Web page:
“Leading Ourselves Back to Righteousness,” Ensign, June 2017
Leading Ourselves Back to Righteousness
The author lives in Utah, USA.
Reading my old journal taught me about the importance of recording spiritual impressions.
I have always been an avid journal keeper. I have diligently written the comings and goings of my days since I was 13 years old. I knew that Church leaders had encouraged us to keep a journal, but every once in a while I wondered why I was doing it. My life was so simple and common compared with the glamorous and impressive lives of those I usually read about. I didn’t really see how my words and thoughts could ever inspire or be of interest to anyone. However, writing has always been my outlet, a time to ponder and articulate my thoughts and feelings, so despite my doubts about their significance, I continued to write.
Then life became hectic with marriage, a move across the country, schooling, and a new baby. I didn’t have much time to ponder or write in my journal. Every day seemed like a struggle I didn’t have energy for. I felt like I had somehow lost my spirituality and could no longer hear or feel the Holy Ghost regularly, even though I was reading the scriptures and attending my Church meetings.
One night I dug through a closet, looking for an old journal that had my patriarchal blessing folded up inside of it, hoping that it would give me some answers. I found the journal I was looking for and reread my patriarchal blessing. I also read through my journal entries and some miscellaneous papers included with the journal, remembering the things I’d recorded, reliving moments of pain and joy, of utter confusion, and some of complete clarity.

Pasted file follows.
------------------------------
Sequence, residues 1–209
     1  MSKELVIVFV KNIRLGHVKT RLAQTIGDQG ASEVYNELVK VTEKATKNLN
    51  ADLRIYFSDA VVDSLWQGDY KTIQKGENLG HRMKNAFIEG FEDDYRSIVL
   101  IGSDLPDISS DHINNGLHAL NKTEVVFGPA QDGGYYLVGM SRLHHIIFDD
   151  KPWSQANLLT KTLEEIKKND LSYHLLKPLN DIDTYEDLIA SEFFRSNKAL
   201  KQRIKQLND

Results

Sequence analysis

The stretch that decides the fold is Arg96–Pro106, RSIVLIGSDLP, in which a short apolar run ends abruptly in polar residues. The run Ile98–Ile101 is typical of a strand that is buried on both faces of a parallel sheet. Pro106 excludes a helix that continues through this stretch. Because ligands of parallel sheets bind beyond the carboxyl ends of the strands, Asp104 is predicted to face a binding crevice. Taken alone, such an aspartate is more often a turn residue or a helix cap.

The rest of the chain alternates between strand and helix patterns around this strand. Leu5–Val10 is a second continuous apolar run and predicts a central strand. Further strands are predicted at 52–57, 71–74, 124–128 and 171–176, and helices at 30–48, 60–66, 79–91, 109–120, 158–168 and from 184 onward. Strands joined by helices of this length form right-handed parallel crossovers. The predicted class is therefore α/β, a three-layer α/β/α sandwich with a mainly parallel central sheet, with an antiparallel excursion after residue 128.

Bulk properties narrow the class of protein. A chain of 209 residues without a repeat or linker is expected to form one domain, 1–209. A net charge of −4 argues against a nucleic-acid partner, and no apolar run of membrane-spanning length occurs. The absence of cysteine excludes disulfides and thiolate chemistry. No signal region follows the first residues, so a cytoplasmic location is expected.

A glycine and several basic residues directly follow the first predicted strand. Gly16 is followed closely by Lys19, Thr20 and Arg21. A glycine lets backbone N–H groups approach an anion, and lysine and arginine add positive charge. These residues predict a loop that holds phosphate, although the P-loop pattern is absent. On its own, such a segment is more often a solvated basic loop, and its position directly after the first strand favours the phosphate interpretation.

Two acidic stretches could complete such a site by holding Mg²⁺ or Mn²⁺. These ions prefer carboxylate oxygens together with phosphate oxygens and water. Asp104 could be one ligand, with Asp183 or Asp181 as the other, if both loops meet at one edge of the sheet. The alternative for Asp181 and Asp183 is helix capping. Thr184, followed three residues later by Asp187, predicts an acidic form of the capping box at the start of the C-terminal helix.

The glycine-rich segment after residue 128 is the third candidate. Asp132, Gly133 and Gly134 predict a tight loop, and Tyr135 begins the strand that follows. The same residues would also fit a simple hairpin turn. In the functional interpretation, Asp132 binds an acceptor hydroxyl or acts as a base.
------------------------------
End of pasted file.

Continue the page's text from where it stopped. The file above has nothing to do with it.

As I read of my past, I found answers to the present. I realized that nearly every entry included a scripture or spiritual thought, along with the daily happenings of my life. I was sorry to realize that my more recent journals had large gaps between entries, and nearly all of them were about people and events but didn’t go any deeper. The core of my existence, why I choose to do the things I do, was missing. The Lord was missing from my journal and thus, to a point, from my life. Reading my past journal entries redirected my perspective and brought about a change of heart.
Even though I was attending church and reading the scriptures, my journal entries showed that my heart was not centered on the right things. I desired to return to being the woman I used to be when I wrote in those earlier journals. I made a goal to start writing in my journal regularly again and to make sure to include any spiritual impressions or thoughts that came to me. In only a week’s time I could feel a significant difference in my demeanor and in my home. I began to feel more often an atmosphere of peace and guidance.
Sometimes the changes we make are so slow and subtle that we don’t even recognize what we’re losing until it’s gone. I am grateful to have written diligently in my journal, not knowing why or how it would ever help. It turns out that it did help. I helped my future self bring the spirit of Christ back into my life and home.
I have a testimony that our simple thoughts and lives do matter, that our recorded words can make a difference. By small and simple means, great things can come to pass (see Alma 37:6). Sometimes we are our own greatest example.